Currently, there are 14 areas affected by abject poverty that are the focus of the government's poverty alleviation program in China. These areas are not confined to a single region but are spread out across the country. We analyzed the psychological development of young children in rural areas from two perspectives. One was the impact of economic conditions on the development of children, and the other was the importance of thinking about the psychological development of children in rural areas from social aspects. In fact, the psychological development of children in China is affected not only by the economic situation of their families and local communities but also by the degree of transportation convenience. The distribution chart of poverty areas shown below indicates the degree of transportation convenience, which decreases with the transition from red areas to green areas. As the country of China covers an enormous area, it is not easy to apply appropriate poverty measures and provide educational assistance according to the conditions of each area. We have been examining how to formulate viable models based on the actual conditions of China (Figure 1).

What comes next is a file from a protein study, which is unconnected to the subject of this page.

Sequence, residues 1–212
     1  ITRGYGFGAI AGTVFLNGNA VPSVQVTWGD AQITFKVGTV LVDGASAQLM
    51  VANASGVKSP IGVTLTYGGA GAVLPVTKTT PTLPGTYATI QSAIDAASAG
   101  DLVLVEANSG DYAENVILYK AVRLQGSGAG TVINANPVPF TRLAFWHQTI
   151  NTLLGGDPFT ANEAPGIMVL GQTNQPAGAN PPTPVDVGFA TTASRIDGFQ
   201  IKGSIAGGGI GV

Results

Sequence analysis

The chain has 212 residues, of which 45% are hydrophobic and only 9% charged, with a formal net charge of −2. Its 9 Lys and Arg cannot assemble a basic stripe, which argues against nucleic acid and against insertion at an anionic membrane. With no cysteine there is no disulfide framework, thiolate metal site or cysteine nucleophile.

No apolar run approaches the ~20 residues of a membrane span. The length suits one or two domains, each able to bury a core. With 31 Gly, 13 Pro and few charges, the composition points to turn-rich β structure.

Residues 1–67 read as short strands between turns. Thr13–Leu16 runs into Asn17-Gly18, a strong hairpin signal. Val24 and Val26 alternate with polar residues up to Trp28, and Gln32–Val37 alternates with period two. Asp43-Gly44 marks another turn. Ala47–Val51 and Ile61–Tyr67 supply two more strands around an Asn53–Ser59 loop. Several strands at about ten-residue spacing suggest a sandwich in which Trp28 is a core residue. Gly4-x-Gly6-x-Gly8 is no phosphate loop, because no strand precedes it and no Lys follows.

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Figure 1

Our first study was to research the developmental conditions of children living in Qinghai Province, Yunnan Province, Sichuan Province, Hunan Province, Shanxi Province and other poverty areas. The results of our study show that the language, motor, and thinking skills as well as the cognitive skills of children living in poor areas are significantly lower than those of children living in urban areas. There is a kindergarten with 70 children in attendance in a rural area of Hunan Province. We visited the kindergarten to conduct our study and met children aged between two and seven years studying in the same classroom. None of them smiled at us, but all had a tense expression. It was obvious that they were going through experiences that were too arduous for their age. Nowadays, young children living in rural areas have to face various difficulties. One of them is a family problem. A recent social phenomenon is an increasing number of young parents from rural areas who leave home to seek work in urban areas, leaving their children with their grandparents. This trend leads to a lack of interaction between parent and child, which has become a serious issue affecting the development of children in rural areas. There are also other problems such as an inadequate number of kindergartens and a lack of educational resources such as books and toys (Figure 2).